Along these same themes are other works where he has created computerized algorithms that are constantly recycling visual and auditory information to create new and interesting creations. He has two pieces that touch on the art of political speeches and the similarities between all political speakers with regards to their persuasive and manipulative language.

These two pieces are also generative video works that have no end.

DuBois also highlights his technological and emotional interest with “Prosody: WSB,” which uses a cut-up technique to re-imagine William S. Burroughs’ poetry, constantly generating new and interesting poetry and the visuals to go along with it, behind a type writer that is similar to the one Burroughs used. Using a hidden Markov model and an unreleased audio recording of Burroughs reading “Junkie: Confessions of an Unredeemed Drug Addict,” the artist created a software engine that rearranges Burroughs’ text with particular care taken to preserve his extraordinary vocal tone and his singular vocabulary.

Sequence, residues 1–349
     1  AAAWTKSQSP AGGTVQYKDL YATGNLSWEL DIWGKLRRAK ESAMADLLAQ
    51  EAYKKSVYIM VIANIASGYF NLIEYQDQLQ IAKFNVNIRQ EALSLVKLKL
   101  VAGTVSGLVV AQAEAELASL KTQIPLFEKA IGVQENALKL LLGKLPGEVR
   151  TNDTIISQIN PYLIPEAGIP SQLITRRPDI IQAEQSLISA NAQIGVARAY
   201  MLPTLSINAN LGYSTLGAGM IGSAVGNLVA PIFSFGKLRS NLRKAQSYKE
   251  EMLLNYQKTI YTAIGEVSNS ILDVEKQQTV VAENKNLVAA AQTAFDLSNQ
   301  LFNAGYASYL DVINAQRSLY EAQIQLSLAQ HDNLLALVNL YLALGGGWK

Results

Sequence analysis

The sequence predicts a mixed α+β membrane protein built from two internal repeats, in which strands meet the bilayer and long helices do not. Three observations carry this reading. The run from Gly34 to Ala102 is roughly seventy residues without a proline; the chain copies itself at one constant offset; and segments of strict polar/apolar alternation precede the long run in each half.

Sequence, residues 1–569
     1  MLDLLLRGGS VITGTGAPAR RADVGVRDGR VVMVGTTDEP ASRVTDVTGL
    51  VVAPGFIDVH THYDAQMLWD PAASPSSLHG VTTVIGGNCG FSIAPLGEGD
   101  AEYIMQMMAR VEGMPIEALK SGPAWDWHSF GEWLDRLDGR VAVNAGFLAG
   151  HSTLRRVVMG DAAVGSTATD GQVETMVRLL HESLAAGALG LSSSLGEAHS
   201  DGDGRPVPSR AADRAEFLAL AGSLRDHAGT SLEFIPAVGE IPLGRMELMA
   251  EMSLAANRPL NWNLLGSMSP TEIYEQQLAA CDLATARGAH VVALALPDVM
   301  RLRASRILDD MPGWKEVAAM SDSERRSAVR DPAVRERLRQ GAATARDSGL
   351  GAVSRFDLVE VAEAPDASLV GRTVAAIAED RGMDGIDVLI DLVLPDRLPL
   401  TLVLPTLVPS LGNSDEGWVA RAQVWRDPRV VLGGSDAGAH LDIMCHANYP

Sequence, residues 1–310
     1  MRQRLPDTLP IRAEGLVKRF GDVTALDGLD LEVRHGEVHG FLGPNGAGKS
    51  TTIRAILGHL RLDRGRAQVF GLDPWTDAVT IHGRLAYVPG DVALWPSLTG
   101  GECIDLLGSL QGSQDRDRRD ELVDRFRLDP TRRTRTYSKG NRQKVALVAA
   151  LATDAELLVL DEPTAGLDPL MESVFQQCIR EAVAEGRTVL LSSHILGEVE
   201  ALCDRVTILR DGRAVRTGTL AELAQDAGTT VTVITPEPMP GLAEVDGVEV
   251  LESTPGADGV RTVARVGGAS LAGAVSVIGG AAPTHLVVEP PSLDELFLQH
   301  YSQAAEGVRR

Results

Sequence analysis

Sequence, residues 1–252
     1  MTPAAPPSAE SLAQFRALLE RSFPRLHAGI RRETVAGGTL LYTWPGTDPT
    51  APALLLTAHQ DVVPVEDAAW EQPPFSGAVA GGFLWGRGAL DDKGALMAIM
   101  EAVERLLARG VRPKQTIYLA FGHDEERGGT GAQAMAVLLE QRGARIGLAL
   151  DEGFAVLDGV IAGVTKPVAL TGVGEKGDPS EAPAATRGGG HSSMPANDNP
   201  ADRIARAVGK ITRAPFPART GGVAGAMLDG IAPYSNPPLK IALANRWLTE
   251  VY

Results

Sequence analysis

Throughout this exhibition, DuBois finds avenues and pathways for his audience to discover and become aware of our own humanity and our creative desires; he does this by playing with the two worlds we don’t often see interacting – art and science – and he uses art and science to create fascinating and innovative artworks through language, music and imagery.

Beall Center for Art + Technology will be closed December 17, 2018 – January 7, 2019.

“Music into Data::Data into Music” will be on display through February 2, 2019.

712 Arts Plaza, Irvine

(949) 824-6206

beallcenter.uci.edu